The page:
Orbital Bullet review | This rogue-lite has us going around in circles

What goes around comes around in Orbital Bullet, a polished shooter-platformer. Here’s our review…


Orbital Bullet has you running in circles, but that’s just fine. As a squat cyberpunk mercenary, you hunt killer robots around cylindrical towers, like skirting a giant oak tree, letting fly with bullets that follow the curve. Each stage of your oil-soaked, rogue-lite rampage is divided into bite-sized floors with a simple aim – destroy all machines. Fittingly, it’s all very neatly executed. Squint a little, in fact, and you could almost be playing a Housemarque game. Sure, Orbital Bullet doesn’t wield quite the same grade of bombast as Nex Machina, but the metallic shine of its chunky dystopia and the industrial bass in its soundtrack evoke that amped feel.

Control, too, is comparably slick. A double jump and dodge roll will stop you from getting boxed in, while guns are rapid and punchy. At times, the curved view causes visibility issues, like when you can’t see enemies firing from over 90 degrees away, but mostly the rotating landscape is visually intuitive, and even when layouts are complicated with a second inner ring, hopping between them never breaks your flow.

It’s a good job, because you need to stay on your toes against an array of homicidal machines whose attacks have a habit of combining to flesh-searing effect. Once you recognise their individual threats, the combat puzzle is about finding space, using platforms to gain height, and picking your shots, until the next biome introduces new antagonists that force you to adapt. Of course, there’s more than one way to de-chrome a droid, and the weapons and skills you select along the way will affect your play style, especially when it comes to range – choose from shotguns, sniper rifles, and everything in between.

Genre Rogue-lite platform shooter | Format PC (tested) | Developer SmokeStab | Publisher Assemble Entertainment | Price £24.99 | Release Out now
Orbital Bullet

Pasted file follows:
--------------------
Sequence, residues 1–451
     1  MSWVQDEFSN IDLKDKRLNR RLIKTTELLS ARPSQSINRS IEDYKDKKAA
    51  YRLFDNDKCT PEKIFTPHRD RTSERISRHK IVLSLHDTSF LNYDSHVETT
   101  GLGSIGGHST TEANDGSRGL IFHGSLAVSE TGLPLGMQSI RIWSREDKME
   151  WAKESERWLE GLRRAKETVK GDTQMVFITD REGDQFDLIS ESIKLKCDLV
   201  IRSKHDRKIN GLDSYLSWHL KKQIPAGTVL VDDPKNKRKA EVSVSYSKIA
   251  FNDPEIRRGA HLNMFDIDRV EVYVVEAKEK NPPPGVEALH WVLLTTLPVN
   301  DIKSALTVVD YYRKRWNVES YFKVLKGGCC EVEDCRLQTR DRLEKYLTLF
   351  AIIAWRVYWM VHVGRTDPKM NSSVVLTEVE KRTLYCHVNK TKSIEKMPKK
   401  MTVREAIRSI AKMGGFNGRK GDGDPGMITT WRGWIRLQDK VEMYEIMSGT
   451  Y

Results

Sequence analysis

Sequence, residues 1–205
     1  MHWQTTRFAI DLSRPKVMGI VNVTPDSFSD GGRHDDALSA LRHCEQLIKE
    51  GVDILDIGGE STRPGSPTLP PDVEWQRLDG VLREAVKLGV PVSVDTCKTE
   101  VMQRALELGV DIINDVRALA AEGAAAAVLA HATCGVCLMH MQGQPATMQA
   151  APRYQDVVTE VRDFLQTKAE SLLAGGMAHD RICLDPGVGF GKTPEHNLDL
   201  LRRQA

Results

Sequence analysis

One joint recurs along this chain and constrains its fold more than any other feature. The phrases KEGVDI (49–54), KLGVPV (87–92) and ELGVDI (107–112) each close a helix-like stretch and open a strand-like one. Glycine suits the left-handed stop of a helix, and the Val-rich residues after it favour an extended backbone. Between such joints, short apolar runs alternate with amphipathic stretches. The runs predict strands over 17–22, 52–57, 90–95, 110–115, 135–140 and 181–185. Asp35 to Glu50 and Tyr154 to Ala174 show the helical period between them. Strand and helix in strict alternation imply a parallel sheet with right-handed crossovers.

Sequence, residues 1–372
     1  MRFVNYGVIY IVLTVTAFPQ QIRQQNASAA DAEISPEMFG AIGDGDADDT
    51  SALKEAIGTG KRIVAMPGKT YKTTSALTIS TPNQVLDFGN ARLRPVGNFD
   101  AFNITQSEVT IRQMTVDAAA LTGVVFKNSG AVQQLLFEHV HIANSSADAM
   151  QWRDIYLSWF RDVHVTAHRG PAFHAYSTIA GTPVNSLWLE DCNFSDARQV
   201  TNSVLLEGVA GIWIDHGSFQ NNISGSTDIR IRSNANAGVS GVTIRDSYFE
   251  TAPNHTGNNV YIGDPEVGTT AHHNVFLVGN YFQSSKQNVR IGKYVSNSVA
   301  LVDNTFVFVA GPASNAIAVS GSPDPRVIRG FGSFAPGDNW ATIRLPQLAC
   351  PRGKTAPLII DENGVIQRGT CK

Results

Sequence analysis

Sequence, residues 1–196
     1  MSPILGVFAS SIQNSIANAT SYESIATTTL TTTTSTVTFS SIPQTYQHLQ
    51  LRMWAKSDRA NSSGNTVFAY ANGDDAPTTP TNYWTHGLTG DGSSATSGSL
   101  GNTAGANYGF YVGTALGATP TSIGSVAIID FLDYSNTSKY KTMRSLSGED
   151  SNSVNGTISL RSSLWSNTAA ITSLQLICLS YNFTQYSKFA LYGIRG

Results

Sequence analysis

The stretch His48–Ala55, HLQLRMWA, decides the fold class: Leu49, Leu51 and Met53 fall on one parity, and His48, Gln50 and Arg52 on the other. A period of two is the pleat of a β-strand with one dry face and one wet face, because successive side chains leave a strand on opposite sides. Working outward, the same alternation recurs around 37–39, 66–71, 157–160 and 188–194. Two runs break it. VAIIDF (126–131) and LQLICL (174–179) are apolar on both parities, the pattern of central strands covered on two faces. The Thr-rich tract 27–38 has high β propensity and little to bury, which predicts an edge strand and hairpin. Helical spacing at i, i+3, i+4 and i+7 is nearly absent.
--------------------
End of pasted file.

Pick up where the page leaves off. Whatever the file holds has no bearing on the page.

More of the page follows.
Mini-challenge rooms in the shape of dimensional rifts pop up from time to time

Orbital Bullet’s rogue-lite credentials are similarly well-considered, ticking all the expected ‘metagame’ boxes based on an initially bewildering array of upgrade currencies. Along with mid-run skill points and credits for shopping, you’ll gather three further types to spend back at your home hub, unlocking new abilities for each character class, various starting boons, and more weapons (with the aid of blueprints you find in the field). Once it clicks into place, it makes for a balanced challenge. Potentially repetitive early stages melt in minutes and you inch into untamed territory with each attempt.

There’s no denying, however, that we’ve seen all these systems before. There are lumps of Dead Cells and other rogue-lites in Orbital Bullet, and although developer SmokeStab has clearly picked the parts with care, they’re still second-hand. The question, then, is whether it’s enough to reuse them proficiently, while nailing the action fundamentals. If your answer’s yes, then Orbital Bullet is well worth a spin.


Part way through the campaign you should unlock the Eternity Tower‭, ‬an extra game mode that represents the‭ ‬Orbital Bullet‭ ‬experience at its most distilled‭. ‬Trimming out the minor exploration element of the main game‭, ‬you blast your way to the top of‭ ‬50‭ ‬floors or simply survive in Endless Mode as long as you can‭.‬


A polished action rogue-lite that delivers where it counts‭.‬


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